Canada Soccer is in shambles.
News broke last week that Canadian Soccer Business (CSB) was taking Mediapro, Canada Soccer’s official media partner, to court and taking back media rights from them.
It marked yet another stain on Canada Soccer’s reputation.
But it wasn’t always that way. Indeed, Canada Soccer isn’t far removed from its golden era.
Canada’s women’s national team touched the hearts of soccer fans across the nation with a “Where were you when…?” moment after capturing Olympic gold in Tokyo in 2021.
The men’s national team reached its highest-ever FIFA world ranking of 33rd in February 2022 and qualified for its first FIFA World Cup since 1986.
Issues soon set in as labour disputes escalated between the players and Canada Soccer, primarily focusing on financial compensation for players.
Both teams lobbied for a new long-term agreement ahead of their respective world cups and saw nothing to show for their efforts.
The divided attention between the pitch and the bargaining table took its toll on performance.
The men’s team flamed out in the group stage of the 2022 FIFA World Cup, as one of only two teams to fail to record a point.
And the women’s team shared the same fate with an unexpected third-place finish in the 2023 World Cup group stage by failing to progress to the knockout rounds.
Canada Soccer had the chance to right the ship so that their teams, the most talented teams the overseeing body ever produced, could focus on their play on the pitch rather than their performance at the bargaining table.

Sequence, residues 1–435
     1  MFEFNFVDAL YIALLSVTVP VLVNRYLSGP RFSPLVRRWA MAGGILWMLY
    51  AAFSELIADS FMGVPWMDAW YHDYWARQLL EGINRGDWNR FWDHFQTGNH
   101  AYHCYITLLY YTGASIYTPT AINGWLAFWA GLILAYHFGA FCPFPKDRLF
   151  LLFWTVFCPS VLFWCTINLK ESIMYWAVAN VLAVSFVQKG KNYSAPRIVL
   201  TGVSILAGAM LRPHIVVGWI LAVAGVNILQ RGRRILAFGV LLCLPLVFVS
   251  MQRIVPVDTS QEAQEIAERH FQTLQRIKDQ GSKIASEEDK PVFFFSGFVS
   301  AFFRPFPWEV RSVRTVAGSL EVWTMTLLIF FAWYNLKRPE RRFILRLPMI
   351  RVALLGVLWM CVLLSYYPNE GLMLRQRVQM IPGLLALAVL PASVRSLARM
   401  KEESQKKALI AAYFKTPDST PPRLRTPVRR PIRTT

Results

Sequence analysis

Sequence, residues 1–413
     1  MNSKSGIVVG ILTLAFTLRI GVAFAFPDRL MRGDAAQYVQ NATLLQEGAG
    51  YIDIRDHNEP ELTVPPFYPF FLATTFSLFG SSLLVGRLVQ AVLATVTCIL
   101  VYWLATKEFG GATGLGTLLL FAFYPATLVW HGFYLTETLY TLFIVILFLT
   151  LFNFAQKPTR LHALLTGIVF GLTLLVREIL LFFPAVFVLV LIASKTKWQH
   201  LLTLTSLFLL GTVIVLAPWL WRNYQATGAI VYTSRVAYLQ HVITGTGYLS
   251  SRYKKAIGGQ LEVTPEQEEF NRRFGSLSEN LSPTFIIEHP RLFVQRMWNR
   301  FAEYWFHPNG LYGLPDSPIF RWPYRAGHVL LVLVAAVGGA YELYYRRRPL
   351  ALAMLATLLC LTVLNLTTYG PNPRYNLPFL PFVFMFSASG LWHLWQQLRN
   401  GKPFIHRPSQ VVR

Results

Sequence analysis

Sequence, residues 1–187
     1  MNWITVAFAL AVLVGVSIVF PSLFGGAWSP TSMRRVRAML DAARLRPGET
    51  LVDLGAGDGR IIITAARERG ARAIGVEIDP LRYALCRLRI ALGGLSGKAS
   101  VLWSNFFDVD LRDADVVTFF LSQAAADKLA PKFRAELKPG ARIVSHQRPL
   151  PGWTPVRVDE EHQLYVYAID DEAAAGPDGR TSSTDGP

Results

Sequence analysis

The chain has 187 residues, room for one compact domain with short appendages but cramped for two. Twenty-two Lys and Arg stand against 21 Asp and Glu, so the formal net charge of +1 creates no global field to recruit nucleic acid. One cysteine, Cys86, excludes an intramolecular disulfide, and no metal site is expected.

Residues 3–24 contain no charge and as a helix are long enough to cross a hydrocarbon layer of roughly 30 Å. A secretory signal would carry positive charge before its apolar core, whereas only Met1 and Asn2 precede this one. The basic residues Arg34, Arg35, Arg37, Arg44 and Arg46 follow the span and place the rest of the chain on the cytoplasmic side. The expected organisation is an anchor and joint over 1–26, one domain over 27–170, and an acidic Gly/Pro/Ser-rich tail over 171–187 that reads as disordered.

They did no such thing.
To date, there have been no long-term labour agreements in place between Canada Soccer and its players.
The women’s team has historically been in a better place on the pitch when compared to their male counterparts and they rebounded better from these disappointing negotiations, seeing better results after their disappointing World Cup.
But the men’s national team is in a much more fragile state. Its reputation diminished further when Canada Soccer opted not to schedule any international friendlies in preparation for the CONCACAF Nations League. That resulted in the team’s unexpected elimination from the league.
After that, Canada Soccer failed to adequately replace Head Coach Jon Herdman when he resigned in August 2023, opting for an interim replacement, Mauro Biello, who has only won once in his opening three games.
Despite their talent and potential, Canada’s national teams have lost their long-time and experienced captains, Christine Sinclair and Atiba Hutchinson, marking a new era of vulnerability on the pitch.
So, CSB taking back the rights to Mediapro isn’t just a matter of lost broadcasting rights. It marks yet another distraction in the backs of the minds of young teams.
Canada Soccer needs to stop getting caught up in its nearsighted and disorganized administrative shortcomings.
Shambles is a bad state to be in when the world comes to Canada for the 2026 FIFA World Cup. And without competent leadership, Canada Soccer is a mere stone’s throw away from catastrophe.